Is there a way to go back to previous directory we were in using bash,tcsh without using pushd/popd ? I'd like to type something like "back" and got returned to the previous directory I was in.


"cd -" works, but only for current and previous directories. Is there anyway I can go back to the previous previous previous directory like how you can go back in the web browser?


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    As noted below, you can do so using "pushd" and "popd". – blueyed Mar 5 '10 at 3:02
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    Just a side note "cd --" goes to the user default direcotry (/home/username) – sdaffa23fdsf Apr 8 '12 at 22:49
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    Best answer imho : unix.stackexchange.com/a/180640/158177 provides cd -1 to cd -9 which I think is what the OP asked for – Titou Sep 29 '16 at 15:11

cd - (goes back to previous directory)

If you want to be able to go to the other previous directories, this is not possible out of the box. But check this script and instructions:

History of visited directories in BASH

The cd command works as usual. The new feature is the history of the last 10 directories and the cd command expanded to display and access it. cd -- (or simply pressing ctrl+w) shows the history. In front of every directory name you see a number. cd -num with the number you want jumps to the corresponding directory from the history.

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    also pushd and popd might be useful – lorenzog Feb 25 '10 at 8:55
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    @lorenzog : lydonchandra, in his question, said "without using pushd/popd" – Snark Feb 25 '10 at 9:19
  • @ogc-nick for using this cd -- in menu-like manner, you should use the mentioned script – Ram Feb 11 '16 at 6:13
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    @ogc-nick no it doesn't. The -- simply separates a command and its options from the parameters (see this post). Because no arguments follow after --, the final command is just cd which switches to your home directory. That might have been the second previous directory, but that's just a coincidence. – Griddo Mar 8 '18 at 9:02
  • wow syntactic sugar much – user2230470 Jun 24 '18 at 2:00

You can also use variable cd $OLDPWD. This can be also used in shell scripts.

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    $OLDPWD maintains the last directory you came from which is good for scripts. I use $OLDPWD with cp command a lot. E.g cp -v $OLDPWD/file . – Neil Wightman Jan 9 '15 at 9:12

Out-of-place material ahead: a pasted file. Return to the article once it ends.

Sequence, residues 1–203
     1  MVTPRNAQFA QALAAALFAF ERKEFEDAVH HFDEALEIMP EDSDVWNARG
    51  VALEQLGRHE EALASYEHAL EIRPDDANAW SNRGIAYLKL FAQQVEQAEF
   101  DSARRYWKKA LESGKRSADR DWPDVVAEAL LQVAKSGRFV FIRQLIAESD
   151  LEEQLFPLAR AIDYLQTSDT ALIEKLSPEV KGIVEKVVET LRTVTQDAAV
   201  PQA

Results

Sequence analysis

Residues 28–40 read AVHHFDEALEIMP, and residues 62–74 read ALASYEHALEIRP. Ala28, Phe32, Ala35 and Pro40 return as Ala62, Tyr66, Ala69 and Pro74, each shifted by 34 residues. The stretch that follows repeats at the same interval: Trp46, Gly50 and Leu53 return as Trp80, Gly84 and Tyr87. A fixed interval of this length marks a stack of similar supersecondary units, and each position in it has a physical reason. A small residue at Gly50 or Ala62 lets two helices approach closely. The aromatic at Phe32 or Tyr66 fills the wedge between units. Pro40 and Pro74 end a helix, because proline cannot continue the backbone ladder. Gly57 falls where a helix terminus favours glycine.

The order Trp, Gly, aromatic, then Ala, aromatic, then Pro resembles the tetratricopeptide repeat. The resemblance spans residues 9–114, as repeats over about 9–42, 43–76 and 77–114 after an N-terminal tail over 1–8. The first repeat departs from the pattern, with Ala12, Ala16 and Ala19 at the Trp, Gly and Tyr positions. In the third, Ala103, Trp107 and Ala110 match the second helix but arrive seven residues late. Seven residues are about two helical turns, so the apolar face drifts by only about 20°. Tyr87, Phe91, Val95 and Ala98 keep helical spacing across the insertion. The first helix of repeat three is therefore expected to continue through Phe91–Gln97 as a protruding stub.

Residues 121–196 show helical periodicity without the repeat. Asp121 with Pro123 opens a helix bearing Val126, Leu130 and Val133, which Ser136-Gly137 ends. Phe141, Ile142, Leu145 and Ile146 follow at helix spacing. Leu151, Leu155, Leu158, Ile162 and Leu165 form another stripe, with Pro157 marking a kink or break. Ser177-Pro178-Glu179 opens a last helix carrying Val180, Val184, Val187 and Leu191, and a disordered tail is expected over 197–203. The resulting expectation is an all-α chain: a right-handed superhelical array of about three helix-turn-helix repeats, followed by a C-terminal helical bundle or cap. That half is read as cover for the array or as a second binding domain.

• @NeilWightman Great little gem. Thank you! – joshperry Jun 8 '16 at 16:41

If you've gone down the directory tree and want to go back up, .. is my personal favorite. You can jump around within a branch of the tree quite easily with .. going up one directory and ../.. two and ../../.. three, etc. You can also go up and down a different branch with the same command, such as cd ../../example or cd ../../../example/example etc. For a simple switch that goes back and forth between directories, cd - or $OLDPWD are your best bets, as others mentioned.


For Windows (including Node.js commads prompt console case) does not works cd - To moves you up one directory works

cd ..
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    cd .. moves to parent directory, which is not what was the subject of question. – ViaSat Mar 28 '18 at 16:24
  • This is bash here, not Windows. – Timo Apr 5 '18 at 12:37

I think cd .. might help. If you do a ls -a in any directory you would see that there are two entries: one named "." and another named ".."; the single dot is reference to the directory you are already in, while the double is the previous directory in the path.

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    .. is not the previous directory, it's just the parent directory. – Der Hochstapler Dec 10 '12 at 10:28
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    This answer provides useful information even if it does not answer correctly the question. Therefore there is no point in piling negative votes on it, I upvoted for the effort. – Titou Sep 29 '16 at 12:36
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    This is not Berkley, there are no special awards just for participation – nathanchere May 24 '17 at 9:45

I find the easiest way to do it is with this .bashrc power edit: https://github.com/wting/autojump . You get to "mark" folders you navigate to, giving them a shorthand name that's easy to remember (my advice; the foregoing is not in the docs), such as Pics for Pictures, etc. 'jump' returns you to the folder you 'marked,' and 'marks' lists folders you have added to the 'stack' (as with pushd and popd), with the added advantage that your marks remain the same from one session to the next, ad infinitum.

I have yet to try it on more than one harddrive, but the results should be similar to those using a single volume.

S Wright

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